The height of the “dot com” boom was a pretty crazy time for investors; venture capitalists were investing huge sums of cash with any entrepreneur who could type the word “internet” without using a spell checker. People made some really BAD investments and only a few of the startups from that period are still operating today.
But there’s one deal that really takes the cake. This acquisition was so absurd in its reasoning and so insidious in scale that I’m surprised the story hasn’t been made into a Hollywood feature film.
Let’s back up a few years, to 1996. This was the year that yours truly joined a small internet startup called VXtreme, an early pioneer in streaming video on the web. VXtreme had actually developed a viable technology and we created what was arguably the best streaming video platform (codecs, encoder, player, server) in the world at the time.
Remember that in 1996, people were connected to the internet with 28.8Kbps modems – or if you could afford it, you might have one of the spanking new 56K modems. Whoo-Hooo! Blazing fast internet it was, indeed. Delivering real time streaming video over such a connection was problematic at best – but it was SO exciting to see a media player embedded in a web page, rendering real time video with a resolution of 160x120 pixels at a whopping 15 frames per second refresh rate! We were truly on the bleeding edge.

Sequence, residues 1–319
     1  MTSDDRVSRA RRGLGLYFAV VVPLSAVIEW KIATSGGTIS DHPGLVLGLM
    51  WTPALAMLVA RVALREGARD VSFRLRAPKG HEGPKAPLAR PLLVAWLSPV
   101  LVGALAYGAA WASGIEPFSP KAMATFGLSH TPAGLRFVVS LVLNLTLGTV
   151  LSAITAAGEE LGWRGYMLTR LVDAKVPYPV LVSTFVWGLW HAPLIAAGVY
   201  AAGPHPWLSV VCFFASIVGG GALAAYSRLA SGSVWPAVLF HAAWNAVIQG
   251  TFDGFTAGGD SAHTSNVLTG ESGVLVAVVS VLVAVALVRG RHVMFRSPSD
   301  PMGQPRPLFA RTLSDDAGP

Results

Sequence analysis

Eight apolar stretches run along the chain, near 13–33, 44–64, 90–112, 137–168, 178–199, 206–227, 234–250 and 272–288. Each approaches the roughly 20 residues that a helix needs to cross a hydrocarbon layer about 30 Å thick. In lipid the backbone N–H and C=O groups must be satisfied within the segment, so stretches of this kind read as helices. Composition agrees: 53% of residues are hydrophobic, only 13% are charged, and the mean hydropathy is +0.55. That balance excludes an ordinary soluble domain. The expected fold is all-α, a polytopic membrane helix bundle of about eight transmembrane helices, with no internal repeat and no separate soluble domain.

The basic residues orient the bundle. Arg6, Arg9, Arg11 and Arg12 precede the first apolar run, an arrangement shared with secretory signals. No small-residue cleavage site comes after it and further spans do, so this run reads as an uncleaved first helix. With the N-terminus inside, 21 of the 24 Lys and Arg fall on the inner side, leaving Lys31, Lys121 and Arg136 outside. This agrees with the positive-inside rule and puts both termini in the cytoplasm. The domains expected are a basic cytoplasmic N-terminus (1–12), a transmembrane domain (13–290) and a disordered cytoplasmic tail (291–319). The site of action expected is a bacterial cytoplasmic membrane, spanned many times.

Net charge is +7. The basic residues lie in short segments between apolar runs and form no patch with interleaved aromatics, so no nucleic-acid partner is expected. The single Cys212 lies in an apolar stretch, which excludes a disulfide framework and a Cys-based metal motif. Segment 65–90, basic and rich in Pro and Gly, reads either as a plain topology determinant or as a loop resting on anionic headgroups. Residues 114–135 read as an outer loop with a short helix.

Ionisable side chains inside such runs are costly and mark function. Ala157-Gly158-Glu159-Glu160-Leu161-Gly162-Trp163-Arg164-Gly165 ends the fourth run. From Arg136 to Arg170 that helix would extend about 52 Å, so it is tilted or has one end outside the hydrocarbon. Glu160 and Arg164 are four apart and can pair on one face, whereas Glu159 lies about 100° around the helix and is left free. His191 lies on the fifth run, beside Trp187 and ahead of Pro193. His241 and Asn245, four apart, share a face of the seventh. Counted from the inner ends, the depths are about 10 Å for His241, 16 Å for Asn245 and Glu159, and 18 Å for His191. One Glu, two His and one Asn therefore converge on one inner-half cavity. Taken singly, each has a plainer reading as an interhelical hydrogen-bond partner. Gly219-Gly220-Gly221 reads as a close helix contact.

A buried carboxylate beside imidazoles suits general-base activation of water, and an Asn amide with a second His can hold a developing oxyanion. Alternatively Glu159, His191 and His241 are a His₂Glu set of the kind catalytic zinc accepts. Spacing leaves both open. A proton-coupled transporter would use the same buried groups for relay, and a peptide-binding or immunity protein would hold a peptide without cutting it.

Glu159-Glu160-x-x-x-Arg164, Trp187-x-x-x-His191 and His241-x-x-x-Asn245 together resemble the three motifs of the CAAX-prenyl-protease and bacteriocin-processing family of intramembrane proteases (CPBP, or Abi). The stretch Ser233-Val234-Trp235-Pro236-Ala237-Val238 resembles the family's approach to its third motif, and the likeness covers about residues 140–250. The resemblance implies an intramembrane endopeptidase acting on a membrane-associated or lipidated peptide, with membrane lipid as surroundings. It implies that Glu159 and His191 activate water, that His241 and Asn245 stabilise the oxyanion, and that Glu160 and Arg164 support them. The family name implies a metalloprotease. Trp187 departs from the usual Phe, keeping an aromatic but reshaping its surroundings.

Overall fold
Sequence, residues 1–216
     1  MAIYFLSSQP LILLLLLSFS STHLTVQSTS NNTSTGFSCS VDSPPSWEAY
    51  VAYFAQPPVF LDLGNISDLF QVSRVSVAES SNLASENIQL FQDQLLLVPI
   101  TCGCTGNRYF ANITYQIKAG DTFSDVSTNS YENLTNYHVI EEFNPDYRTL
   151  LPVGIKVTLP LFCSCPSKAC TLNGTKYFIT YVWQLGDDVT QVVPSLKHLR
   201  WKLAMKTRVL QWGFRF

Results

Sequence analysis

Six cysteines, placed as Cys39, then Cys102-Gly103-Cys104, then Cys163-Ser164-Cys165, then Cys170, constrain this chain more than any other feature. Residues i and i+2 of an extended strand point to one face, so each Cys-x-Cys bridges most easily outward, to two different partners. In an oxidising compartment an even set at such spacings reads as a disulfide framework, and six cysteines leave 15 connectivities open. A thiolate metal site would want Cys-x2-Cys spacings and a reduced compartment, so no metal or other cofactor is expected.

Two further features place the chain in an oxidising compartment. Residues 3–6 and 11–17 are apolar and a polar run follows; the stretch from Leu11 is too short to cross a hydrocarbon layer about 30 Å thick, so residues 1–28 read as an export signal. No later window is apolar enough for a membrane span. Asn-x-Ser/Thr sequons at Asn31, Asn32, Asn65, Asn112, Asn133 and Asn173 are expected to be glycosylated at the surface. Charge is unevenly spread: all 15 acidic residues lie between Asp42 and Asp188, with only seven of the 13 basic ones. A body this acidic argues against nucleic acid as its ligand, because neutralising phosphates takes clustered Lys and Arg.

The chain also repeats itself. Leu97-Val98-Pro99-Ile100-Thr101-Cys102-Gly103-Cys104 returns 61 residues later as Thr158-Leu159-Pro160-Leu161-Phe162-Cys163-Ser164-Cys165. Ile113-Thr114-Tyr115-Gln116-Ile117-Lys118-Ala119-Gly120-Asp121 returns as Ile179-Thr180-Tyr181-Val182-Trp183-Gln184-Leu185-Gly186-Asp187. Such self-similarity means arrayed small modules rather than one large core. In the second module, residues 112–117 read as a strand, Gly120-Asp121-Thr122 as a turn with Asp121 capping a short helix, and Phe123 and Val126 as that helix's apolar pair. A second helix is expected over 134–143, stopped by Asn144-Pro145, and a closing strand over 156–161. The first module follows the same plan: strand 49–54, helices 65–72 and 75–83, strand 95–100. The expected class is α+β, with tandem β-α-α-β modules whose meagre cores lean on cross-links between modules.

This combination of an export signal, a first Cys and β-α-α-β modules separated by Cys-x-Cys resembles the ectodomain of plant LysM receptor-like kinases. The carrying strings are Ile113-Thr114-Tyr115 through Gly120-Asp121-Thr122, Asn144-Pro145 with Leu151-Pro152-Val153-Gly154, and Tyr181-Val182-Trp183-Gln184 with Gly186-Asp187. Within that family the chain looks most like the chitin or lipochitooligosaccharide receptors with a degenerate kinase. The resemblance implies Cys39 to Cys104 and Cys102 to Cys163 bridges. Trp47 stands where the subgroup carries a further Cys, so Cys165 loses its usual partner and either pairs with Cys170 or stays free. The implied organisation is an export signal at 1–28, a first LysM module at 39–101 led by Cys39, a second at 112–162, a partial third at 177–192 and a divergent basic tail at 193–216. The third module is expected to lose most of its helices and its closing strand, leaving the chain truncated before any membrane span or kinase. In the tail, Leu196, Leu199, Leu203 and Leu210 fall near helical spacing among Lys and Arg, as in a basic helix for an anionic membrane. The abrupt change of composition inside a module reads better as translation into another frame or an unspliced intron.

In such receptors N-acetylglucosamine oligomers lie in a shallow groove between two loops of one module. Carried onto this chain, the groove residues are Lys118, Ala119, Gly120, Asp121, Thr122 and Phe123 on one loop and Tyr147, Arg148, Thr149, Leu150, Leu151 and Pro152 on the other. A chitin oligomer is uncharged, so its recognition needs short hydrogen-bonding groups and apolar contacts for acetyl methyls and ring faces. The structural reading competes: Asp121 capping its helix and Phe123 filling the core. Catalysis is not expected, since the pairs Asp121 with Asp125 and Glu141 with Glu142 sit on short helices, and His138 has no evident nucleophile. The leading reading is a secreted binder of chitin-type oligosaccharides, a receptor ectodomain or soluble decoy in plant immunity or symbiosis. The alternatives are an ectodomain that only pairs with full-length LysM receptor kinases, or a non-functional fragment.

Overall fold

In just over ten months, we built the company, produced the product, engaged a bunch of high profile customers, and sold the whole thing to Microsoft for about $74 Million (and to set the record straight, I was not one of the founders or shareholders – just a “late hire” marketing manager, with options that were only worth about 1/10th of 1% of the company).
It was a fair valuation for VXtreme. Our technology was merged in with the “NetShow” product that Microsoft had been struggling with, and the platform was eventually renamed “Windows Media”. Even today, the Windows Media Player, Windows Media Audio/Windows Media Video file formats, Silverlight, and the More...